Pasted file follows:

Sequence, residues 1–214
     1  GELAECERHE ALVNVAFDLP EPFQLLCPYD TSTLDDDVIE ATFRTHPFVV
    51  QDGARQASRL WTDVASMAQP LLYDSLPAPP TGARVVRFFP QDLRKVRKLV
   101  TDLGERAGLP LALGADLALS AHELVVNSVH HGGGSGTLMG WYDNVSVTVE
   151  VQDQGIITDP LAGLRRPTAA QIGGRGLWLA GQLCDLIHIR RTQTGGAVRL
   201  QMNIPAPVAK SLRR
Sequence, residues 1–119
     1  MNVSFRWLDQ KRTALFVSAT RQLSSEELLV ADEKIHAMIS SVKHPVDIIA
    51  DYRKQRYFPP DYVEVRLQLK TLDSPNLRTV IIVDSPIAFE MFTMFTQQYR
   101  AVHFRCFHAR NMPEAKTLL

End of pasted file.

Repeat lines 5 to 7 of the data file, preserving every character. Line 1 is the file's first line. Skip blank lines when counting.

   151  VQDQGIITDP LAGLRRPTAA QIGGRGLWLA GQLCDLIHIR RTQTGGAVRL
   201  QMNIPAPVAK SLRR
Sequence, residues 1–119